Ready to get back into swimming? Returning to the pool following an extended break can be exciting, but also daunting.

Whether it was “forced” time away or on your own terms, here are 5 things you should consider as you hop back in.

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Back to the Pool

First and foremost, when getting back into swimming, I highly recommend it be in a pool versus the open water if at all possible. The pool is a much more controlled environment.

Without further a do, here are 5 things you need to consider when getting back into swimming.

#1 – Keep it Short

Mentally, you may be ready to go, but your body will need some time to get back into the swing of things. You cannot rush fitness and it will likely take your body a little time to get used to swimming again even if you have maintained bike and run fitness.

Depending on the athlete’s experience and history, 20-30 minutes is a great place to start. Give yourself plenty of rest at the wall and stick to 25’s, 50’s, especially on Day 1 . You don’t want it to be a demoralizing experience on your first day back.

#2 – Take it Slow

As I mentioned above starting out with 20-30 minutes on the first few days in a good place to start. From there, assuming you’re feeling good, a 20% increase in swim volume  week over week is reasonable, but I wouldn’t increase much more than that as you will likely become sloppy and sacrifice form. You also run the risk of injury.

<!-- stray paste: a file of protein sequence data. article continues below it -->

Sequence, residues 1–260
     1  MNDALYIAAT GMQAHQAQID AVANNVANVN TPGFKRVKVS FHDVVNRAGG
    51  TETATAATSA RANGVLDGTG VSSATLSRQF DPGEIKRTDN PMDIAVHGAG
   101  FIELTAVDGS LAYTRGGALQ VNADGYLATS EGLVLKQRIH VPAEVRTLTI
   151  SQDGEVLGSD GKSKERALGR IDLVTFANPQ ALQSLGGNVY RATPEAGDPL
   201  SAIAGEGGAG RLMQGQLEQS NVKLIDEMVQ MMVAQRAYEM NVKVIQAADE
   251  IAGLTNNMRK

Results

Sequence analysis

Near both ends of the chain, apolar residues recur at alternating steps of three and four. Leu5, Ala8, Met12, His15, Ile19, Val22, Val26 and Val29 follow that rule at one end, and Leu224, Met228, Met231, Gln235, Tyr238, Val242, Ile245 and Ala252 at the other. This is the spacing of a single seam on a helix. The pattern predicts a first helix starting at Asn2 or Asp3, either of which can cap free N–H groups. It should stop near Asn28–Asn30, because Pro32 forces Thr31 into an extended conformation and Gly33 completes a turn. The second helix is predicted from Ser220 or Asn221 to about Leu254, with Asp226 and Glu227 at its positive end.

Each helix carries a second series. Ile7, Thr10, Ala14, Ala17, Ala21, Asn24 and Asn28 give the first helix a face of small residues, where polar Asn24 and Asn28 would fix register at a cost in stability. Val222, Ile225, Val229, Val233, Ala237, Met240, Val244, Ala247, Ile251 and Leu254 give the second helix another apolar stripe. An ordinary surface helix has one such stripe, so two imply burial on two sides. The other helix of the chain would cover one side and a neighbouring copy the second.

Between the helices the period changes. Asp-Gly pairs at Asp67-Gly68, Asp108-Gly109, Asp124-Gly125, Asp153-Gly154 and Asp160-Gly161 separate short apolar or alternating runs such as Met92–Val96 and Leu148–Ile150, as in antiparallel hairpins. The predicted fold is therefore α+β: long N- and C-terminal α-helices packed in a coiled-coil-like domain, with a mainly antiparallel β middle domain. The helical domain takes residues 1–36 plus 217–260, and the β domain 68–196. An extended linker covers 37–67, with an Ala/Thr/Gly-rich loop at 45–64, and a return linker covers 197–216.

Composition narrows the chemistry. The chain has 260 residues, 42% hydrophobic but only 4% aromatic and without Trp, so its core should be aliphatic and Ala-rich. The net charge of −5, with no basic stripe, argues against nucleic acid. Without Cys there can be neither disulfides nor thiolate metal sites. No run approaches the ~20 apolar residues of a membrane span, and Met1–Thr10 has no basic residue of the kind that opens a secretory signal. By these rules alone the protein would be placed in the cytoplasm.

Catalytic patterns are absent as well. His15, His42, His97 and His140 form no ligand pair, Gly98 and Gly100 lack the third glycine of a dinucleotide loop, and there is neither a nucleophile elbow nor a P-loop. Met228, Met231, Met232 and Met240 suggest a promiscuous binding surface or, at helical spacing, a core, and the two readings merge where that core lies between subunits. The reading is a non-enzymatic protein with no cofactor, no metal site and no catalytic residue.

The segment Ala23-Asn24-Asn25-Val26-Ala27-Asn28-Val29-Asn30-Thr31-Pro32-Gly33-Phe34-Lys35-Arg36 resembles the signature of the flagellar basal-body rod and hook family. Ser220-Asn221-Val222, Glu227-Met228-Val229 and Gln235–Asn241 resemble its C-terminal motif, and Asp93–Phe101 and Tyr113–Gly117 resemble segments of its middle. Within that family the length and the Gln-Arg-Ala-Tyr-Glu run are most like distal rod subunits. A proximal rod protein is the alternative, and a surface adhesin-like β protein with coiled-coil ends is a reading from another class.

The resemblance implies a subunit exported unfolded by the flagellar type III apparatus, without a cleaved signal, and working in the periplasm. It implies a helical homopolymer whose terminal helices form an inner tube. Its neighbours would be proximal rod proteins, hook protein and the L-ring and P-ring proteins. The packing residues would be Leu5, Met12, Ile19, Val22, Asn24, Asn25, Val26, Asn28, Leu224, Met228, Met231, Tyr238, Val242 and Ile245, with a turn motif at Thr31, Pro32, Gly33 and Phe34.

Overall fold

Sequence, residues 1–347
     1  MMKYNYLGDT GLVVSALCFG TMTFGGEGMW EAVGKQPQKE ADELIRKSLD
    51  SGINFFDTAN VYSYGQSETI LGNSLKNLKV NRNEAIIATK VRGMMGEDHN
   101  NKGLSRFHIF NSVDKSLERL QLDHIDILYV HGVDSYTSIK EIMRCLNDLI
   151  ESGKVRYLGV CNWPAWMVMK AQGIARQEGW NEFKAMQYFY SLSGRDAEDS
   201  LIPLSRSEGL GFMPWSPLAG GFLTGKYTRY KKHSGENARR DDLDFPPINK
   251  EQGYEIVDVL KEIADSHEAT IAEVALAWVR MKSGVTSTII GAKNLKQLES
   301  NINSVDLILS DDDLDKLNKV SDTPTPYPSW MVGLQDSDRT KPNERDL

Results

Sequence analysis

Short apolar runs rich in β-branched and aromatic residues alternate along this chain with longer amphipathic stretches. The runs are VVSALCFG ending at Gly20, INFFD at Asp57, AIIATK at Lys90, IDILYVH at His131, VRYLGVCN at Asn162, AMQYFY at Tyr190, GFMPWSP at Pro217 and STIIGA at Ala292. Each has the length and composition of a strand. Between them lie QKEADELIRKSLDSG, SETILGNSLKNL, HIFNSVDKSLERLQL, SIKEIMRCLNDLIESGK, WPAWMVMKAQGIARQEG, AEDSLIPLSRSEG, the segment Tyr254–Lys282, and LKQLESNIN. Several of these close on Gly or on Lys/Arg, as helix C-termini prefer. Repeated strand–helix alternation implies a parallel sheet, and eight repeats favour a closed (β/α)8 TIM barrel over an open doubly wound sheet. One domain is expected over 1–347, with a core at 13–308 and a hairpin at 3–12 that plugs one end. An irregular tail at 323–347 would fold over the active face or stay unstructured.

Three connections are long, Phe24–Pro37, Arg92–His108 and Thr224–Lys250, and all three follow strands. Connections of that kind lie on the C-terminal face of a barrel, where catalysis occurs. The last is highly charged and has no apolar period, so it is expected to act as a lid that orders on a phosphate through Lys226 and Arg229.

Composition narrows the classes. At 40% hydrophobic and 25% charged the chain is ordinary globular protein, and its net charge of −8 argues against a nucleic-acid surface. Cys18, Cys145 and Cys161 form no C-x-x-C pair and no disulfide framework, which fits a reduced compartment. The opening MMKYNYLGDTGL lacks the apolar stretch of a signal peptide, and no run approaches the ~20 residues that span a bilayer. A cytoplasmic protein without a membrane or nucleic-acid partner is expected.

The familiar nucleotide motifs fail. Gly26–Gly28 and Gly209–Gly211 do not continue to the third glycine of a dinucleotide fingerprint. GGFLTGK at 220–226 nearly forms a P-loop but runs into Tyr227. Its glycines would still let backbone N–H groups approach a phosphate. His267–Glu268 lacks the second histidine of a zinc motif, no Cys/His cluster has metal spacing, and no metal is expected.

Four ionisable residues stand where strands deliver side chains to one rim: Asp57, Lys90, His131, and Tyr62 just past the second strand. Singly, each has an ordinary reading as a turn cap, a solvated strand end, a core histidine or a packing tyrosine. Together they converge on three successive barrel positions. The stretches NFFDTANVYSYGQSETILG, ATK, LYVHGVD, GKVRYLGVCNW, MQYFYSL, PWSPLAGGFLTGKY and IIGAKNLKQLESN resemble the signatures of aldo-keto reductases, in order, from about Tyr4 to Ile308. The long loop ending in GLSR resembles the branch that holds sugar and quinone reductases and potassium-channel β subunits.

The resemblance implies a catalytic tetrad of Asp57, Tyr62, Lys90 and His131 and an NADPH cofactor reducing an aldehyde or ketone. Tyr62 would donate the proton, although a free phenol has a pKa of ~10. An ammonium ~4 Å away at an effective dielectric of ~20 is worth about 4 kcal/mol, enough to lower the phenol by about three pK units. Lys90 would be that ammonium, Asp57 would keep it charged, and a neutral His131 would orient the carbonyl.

#3 – Frequency

When it comes to swimming, frequency is key.

This especially applies to extended periods away from swimming as well as when you’re working to improve your technique. This is true because we spend 99.9% of our time on land and consequently our proprioception is much different in the water. Frequency helps create familiarity, confidence and an overall “feel” for the water.

So for example, it is more beneficial to get in the pool for 20 min 4-5 days per week than 40 min 2 times per week.

#4 – Focus on Form / Technique

When making your return to swimming, focus more on technique and less on speed. Speed will return once your technique is in line. You also need to re-build your swim durability in the major muscle groups that help propel you through the water.

Needless to say, this can be a great time to have a coach look at your form and make corrections and improvements before you potentially begin re-establishing bad habits.

#5 – Don’t “TEST” Yourself Right Away

Don’t expect your speed in the water to be where you left it. It will come back. I promise. But it will take some time.

In the first several times back in the water, focus on your breathing and try to find a rhythm. Focus on your inhale and exhales. It may be a mess in the beginning if you try to rush it and push yourself too hard.

Give yourself 2-4 weeks before you begin really pushing yourself in the water. At around this time frame, you can begin picking up your pace.

At this point, it’s appropriate and a good idea to perform a swim test in order to establish a new T-Pace and set a benchmark.

One way you can do this is to swim 500 yards continuously, as fast as you can. Take the total time of your 500 yard TT and find the the average 100 yard pace. This will represent your current “T-pace.” Now you can begin to incorporate time & pace targets in your workouts based off of your current swim fitness.

As you’re getting back into swimming, you will likely have good days and bad. You will also most likely experience sore arms and shoulders. This is 100% normal. Embrace this and swim with a smile as you get back into the swing of things.

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